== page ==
Prior art assay methods wherein either the sample or an assay reagent is affixed to a slide such as immunochemical methods (including immunoassay methods and immunohistochemical staining methods) and in situ hybridization (ISH) methods utilize salted buffers to rinse the assay region of a slide between the addition of the staining or other antibody-, enzyme- or nucleic acid-containing reagents. As used herein, the term "salt" means substances that dissociate into ions in solution and includes neutral salts such as NaCl as well as the acidic, alkaline and amphoteric salts found in buffers, particularly buffers used in biological assay procedures.
The use of a salted buffer was believed necessary to reduce nonspecific antibody binding and thereby decrease the background. The presence of salt is also necessary for the specific antigen-antibody interactions, enzyme activity and nucleic acid hybridization reactions of the reagents to occur.
For assays performed on slides, the rinse solution is not completely eliminated from the slide and remains to dilute the assay reagents. In addition, large excesses of the rinse solution must be used to ensure effective dilution to remove unbound reagents in the assay region of the slide to reduce background signal. Therefore, most methods performed on slides, including immunohistochemical methods, wash with the buffer in which the next reaction is to be performed, usually phosphate buffered saline (PBS), phosphate buffer (PB) or a similar physiologic buffer.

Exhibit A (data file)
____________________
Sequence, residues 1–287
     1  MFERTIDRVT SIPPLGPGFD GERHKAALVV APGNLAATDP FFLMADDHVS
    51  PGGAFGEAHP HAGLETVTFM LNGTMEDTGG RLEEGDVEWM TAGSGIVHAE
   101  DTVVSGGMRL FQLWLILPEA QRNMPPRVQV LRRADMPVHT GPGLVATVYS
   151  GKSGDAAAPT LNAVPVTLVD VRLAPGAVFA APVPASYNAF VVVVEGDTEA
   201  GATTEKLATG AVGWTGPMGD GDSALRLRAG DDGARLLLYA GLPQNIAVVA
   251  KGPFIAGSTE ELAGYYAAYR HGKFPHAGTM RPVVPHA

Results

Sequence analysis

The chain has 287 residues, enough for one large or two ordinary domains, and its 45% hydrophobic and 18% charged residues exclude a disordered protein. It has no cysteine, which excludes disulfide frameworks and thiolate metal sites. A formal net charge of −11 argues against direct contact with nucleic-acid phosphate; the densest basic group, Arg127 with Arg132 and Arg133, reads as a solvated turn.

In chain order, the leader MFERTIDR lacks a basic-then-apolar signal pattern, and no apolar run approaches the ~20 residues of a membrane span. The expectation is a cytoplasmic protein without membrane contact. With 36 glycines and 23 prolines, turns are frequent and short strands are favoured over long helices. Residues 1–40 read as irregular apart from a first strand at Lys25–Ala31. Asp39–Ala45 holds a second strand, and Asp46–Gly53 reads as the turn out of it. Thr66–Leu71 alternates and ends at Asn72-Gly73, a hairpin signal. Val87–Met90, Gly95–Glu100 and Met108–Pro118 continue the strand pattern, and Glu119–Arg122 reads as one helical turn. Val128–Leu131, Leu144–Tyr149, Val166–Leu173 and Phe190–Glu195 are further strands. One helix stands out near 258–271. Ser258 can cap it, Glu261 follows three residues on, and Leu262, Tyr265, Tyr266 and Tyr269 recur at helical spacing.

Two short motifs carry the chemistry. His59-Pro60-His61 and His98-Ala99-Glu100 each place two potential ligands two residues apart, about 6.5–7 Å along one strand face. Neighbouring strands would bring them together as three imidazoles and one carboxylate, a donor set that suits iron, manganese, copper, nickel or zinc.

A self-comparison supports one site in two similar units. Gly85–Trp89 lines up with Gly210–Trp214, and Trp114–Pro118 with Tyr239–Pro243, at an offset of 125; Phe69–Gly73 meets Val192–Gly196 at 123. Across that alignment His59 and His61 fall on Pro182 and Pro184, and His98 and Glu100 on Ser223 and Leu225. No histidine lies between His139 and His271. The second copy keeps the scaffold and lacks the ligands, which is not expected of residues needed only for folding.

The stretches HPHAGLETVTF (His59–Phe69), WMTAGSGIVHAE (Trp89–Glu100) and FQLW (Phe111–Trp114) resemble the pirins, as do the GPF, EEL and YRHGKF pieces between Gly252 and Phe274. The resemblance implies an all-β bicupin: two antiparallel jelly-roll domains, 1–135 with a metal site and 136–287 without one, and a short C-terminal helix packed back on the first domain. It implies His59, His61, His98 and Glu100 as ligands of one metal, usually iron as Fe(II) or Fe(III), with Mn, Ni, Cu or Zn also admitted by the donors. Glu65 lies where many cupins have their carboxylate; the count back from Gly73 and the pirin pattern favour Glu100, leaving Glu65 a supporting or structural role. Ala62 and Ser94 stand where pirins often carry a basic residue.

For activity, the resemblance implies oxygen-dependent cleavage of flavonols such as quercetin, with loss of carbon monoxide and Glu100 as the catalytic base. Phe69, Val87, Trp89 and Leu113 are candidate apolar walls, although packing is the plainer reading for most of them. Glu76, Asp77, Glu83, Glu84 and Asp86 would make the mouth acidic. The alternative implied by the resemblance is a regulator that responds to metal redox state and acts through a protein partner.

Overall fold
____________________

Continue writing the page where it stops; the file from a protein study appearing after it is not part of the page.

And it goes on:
The use of a salted buffer as a wash has drawbacks in general and created several problems in an automated system, in particular in an automated immunohistochemical system. The production of PBS is both time consuming and costly whether used in a manual or automated method. In addition, the salts contained in PBS and other physiologic buffers are harmful to an automated staining instrument. The salts build up, making cleaning difficult.
It has now been found that substantially salt-free water having a detergent is an effective aqueous rinse solution for washing the assay region of a slide. Surprisingly, the use of this rinse solution actually improves the staining quality in immunohistochemical preparations. In addition, the use of the improved rinse solution eliminates the harmful effects of the salts on an instrument.